Then I faced the perennial dilemma of exactly what is meant by the word "best." As Mick LaSalle, the movie critic of the San Francisco Chronicle, observed not long ago, when most people say "best movies" what they really mean is their favorite movies. I have written many times of the essentially subjective nature of an individual's reaction to a particular movie and why there is no right or wrong reaction to a film, a belief that certainly came into play as I whittled down my list of 60+ to a list of the 25 best. To my mind each of the films on my original list is of the highest artistic quality. Yet there is no denying that I like some of these more than others.
Bobby J, a regular commenter at Wonder in the Dark, recently proposed the concept of movies appealing simultaneously to the "three brains": the emotional brain, the intellectual brain, and the visual brain. This is an idea that makes absolute sense to me and that I have no problem embracing. When I watch a movie of artistic merit—generally the only kind I watch unless I'm feeling in a rare "guilty pleasure" mood—I find that I am watching simultaneously with all three of my movie brains. At certain points, one or more may be dominant, but for me none of the three is ever completely dormant. As I watch, I am constantly asking myself, "What is happening? Why is it happening? How is it being shown?"
The movies that ended up on my final list are ones that appeal strongly to all three of my movie brains. These are movies that not only make me admire them on a qualitative level, but that inspire emotional and narrative connection rather than detachment. Movies that invite me in rather than keep me at a distance, but that also engage my intellect and provide the appropriate level of visual stimulation. Movies whose people and the emotions they evoke, whose meaning, and whose images linger spontaneously in my memory. One last comment: In order to arrive at a ranked list, Wonders in the Dark required that titles be listed in order of preference. This didn't prove too difficult for the first ten films or so, but beyond that point my rankings are pretty arbitrary.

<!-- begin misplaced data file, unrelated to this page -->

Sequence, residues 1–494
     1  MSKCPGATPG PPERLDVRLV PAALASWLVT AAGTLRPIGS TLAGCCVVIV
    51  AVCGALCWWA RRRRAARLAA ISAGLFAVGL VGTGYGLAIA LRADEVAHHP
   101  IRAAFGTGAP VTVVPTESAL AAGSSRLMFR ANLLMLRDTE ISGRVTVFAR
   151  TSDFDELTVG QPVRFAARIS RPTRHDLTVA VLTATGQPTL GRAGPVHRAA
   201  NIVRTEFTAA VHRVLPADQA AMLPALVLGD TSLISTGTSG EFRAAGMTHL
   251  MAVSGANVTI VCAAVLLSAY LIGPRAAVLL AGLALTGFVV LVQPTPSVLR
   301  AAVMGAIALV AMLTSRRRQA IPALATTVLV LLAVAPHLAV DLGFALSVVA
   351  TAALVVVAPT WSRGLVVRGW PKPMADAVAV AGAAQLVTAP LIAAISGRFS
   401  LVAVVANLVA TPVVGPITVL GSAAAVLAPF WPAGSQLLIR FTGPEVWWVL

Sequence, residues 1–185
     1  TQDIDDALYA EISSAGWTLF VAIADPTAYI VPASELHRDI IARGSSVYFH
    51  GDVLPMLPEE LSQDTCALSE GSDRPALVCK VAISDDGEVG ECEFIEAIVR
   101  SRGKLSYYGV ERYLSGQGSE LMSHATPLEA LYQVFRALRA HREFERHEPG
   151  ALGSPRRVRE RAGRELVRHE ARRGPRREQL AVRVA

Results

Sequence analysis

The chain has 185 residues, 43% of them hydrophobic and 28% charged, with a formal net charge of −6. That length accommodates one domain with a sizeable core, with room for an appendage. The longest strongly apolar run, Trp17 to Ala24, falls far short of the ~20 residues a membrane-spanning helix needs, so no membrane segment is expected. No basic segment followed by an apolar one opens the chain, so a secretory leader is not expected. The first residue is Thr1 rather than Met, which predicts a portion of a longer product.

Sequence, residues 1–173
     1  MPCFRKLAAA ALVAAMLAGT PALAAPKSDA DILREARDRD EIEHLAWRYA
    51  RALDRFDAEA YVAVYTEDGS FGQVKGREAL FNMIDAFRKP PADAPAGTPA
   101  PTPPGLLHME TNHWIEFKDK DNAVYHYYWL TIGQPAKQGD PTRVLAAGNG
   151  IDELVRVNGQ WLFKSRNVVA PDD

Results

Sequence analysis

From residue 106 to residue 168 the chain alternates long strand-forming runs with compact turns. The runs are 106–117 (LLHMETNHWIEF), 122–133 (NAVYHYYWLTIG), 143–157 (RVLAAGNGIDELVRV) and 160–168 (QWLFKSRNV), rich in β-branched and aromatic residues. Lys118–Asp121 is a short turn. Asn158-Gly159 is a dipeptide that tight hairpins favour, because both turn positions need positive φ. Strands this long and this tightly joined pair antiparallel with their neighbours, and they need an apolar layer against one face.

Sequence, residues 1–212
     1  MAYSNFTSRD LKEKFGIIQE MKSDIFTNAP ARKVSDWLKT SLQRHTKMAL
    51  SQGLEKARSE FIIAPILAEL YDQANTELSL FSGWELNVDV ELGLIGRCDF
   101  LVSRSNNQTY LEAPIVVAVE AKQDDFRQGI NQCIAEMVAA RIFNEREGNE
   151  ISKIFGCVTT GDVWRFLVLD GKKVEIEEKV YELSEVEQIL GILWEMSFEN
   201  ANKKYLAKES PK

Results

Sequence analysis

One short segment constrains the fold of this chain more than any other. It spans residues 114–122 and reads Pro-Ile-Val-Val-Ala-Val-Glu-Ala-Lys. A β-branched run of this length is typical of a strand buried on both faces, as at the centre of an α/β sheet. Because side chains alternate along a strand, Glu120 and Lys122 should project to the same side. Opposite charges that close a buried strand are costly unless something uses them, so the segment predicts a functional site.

THE 25 BEST MOVIES OF THE 1950s
- North by Northwest, Alfred Hitchcock (1959)
- Wild Strawberries, Ingmar Bergman (1958)
- Forbidden Games, René Clément (1952)
- Ugetsu, Kenji Mizoguchi (1953)
- The Nights of Cabiria, Federico Fellini (1957)
- The Seven Samurai, Akira Kurosawa (1954)
- Floating Weeds, Yasujiro Ozu (1959)
- Monsieur Hulot's Holiday, Jacques Tati (1953)
- Singin' in the Rain, Stanley Donen/Gene Kelly (1952)
- Pather Panchali, Satyajit Ray (1955)
- Umberto D, Vittorio de Sica (1952)
- The Invasion of the Body Snatchers, Don Siegel (1956)
- Touch of Evil, Orson Welles (1958)
- All About Eve, Joseph L. Mankiewicz (1950)
- Sunset Boulevard, Billy Wilder (1950)
- The Naked Spur, Anthony Mann (1953)
- The Earrings of Madame de, Max Ophüls (1952)
- The 400 Blows, François Truffaut (1959)
- Lust for Life, Vincente Minnelli (1956)
- Bob le Flambeur, Jean-Pierre Melville (1955)
- Los Olvidados, Luis Buñuel (1950)
- The River, Jean Renoir (1951)
- Kiss Me Deadly, Robert Aldrich (1955)
- The Cranes Are Flying, Mikhail Kalatozov (1957)
- The Ladykillers, Alexander Mackendrick (1955)
American: Father of the Bride, A Streetcar Named Desire, Strangers on a Train, Pickup on South Street, High Noon, Roman Holiday, From Here to Eternity, On the Waterfront, A Star Is Born, Rear Window, East of Eden, Rebel Without a Cause, Marty, The Night of the Hunter, The Killing, Funny Face, Paths of Glory, The Bridge on the River Kwai, Vertigo, Gigi, Some Like It Hot, Anatomy of a Murder
British: The Magic Box, Scrooge, Summertime, Room at the Top, Peeping Tom (a 1959 release according to Wonders in the Dark)
Foreign Language: Rashomon, Tokyo Story, Sansho the Bailiff, Ikiru, Sawdust and Tinsel, Smiles of a Summer Night, Les Diaboliques, La Strada, Throne of Blood, The Seventh Seal, Mon Oncle
Final results of the Wonders in the Dark 50 best movies of the 1950s poll have been posted.